Amyloidogenic proteins associate with each other through cross beta-sheet interactions to form fibrous ordered aggregates involved in a number of neurodegenerative diseases. The kinetics of aggregation depends upon two main factors: the primary sequence and environmental conditions. The aggregation kinetics also critically influences amyloid conformation and strain properties which govern disease patterns in mammals or phenotypic differences in yeast.
The process of amyloid formation follows a two-step pattern of initial nucleation corresponding to a lag phase followed by a fiber elongation phase to finally form a mature fiber. This behavior has been modeled empirically using mathematical functions such as the logistic function, which captures the near sigmoidal shape of the aggregation curve, and other kinetic models, for example the Finke-Watzky (F-W) 2-step mechanism which deconvolutes aggregation into slow continuous nucleation, with rate constant k1, and typically fast autocatalytic growth, with rate constant k2. Various other mechanisms have also been proposed to explain the amyloid aggregation process. However, many of them are not accompanied by proper kinetic analyses. This presentation will focus on the existing models for amyloid aggregation and compare mathematical models which have been used to fit amyloid aggregation data. Non-seeded and seeded aggregation of Sup35NM protein from Saccharomyces cerevisiae and Amyloid beta1-42 in solutions of different ionic compositions and at different temperatures will be used to gain insights into the mechanisms of aggregation. Seeded aggregation is a complex process and depends on the seed characteristics, the monomer and recipient combination and the environmental conditions during aggregation. Further, the applicability of these models to the more complex cases of seeded aggregation will be discussed.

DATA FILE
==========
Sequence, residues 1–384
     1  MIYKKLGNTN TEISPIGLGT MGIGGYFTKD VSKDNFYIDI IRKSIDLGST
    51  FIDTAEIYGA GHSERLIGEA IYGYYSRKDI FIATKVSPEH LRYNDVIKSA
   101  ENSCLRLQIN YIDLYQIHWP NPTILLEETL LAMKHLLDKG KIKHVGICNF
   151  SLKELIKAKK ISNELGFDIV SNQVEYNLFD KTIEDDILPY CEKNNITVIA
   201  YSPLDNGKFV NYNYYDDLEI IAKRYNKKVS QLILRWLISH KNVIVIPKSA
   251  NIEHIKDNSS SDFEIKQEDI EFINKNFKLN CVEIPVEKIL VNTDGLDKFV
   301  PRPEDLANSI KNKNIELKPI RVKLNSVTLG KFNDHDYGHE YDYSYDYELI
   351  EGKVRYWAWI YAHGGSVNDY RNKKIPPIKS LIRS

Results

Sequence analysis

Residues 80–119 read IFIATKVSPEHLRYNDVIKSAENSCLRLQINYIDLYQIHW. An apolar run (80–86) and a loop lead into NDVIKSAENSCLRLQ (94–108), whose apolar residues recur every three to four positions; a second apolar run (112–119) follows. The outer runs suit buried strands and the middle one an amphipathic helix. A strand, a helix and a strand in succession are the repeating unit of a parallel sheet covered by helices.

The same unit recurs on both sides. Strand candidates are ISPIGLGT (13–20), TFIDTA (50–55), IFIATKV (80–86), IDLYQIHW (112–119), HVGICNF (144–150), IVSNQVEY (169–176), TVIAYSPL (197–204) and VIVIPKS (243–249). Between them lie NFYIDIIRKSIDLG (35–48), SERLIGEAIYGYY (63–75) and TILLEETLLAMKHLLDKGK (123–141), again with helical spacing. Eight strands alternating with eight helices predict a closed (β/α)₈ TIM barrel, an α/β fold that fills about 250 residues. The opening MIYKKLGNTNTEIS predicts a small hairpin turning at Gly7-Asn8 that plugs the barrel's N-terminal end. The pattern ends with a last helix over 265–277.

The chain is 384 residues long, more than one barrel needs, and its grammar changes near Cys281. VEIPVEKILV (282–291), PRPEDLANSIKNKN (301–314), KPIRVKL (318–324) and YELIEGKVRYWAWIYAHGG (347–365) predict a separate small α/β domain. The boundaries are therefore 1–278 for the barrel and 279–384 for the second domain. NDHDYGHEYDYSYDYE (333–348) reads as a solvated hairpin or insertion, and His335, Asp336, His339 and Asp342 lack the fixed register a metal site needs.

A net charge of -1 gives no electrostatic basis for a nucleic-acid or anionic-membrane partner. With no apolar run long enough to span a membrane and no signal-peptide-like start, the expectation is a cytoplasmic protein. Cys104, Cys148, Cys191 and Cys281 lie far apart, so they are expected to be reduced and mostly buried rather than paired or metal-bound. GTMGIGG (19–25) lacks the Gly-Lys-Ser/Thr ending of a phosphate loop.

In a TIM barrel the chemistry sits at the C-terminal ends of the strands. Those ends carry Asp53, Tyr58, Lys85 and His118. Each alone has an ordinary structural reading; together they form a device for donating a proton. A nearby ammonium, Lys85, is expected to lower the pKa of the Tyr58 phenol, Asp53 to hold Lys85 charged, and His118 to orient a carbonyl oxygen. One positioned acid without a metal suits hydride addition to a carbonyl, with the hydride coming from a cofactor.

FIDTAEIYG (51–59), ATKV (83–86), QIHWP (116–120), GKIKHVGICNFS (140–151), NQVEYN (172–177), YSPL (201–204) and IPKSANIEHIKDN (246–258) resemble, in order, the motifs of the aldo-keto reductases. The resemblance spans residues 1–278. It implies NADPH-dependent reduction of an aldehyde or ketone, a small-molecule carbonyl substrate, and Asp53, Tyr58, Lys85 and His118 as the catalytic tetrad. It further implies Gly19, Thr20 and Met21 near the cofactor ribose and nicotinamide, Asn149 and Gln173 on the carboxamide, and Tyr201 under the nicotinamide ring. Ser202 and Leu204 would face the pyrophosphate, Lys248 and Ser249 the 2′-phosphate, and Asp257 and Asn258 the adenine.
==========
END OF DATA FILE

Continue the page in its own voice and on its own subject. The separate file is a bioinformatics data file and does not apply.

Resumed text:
Jonathan Rubin, Hasan Khosravi, Kathryn L. Bruce, Megan E. Lydon, Sven H. Behrens, Yury O. Chernoff, Andreas S. Bommarius.(2013), Ion-Specific Effects on Prion Nucleation and Strain Formation. J. Biol. Chem.18; 288(42):30300-8 doi: 10.1074/jbc.M113.467829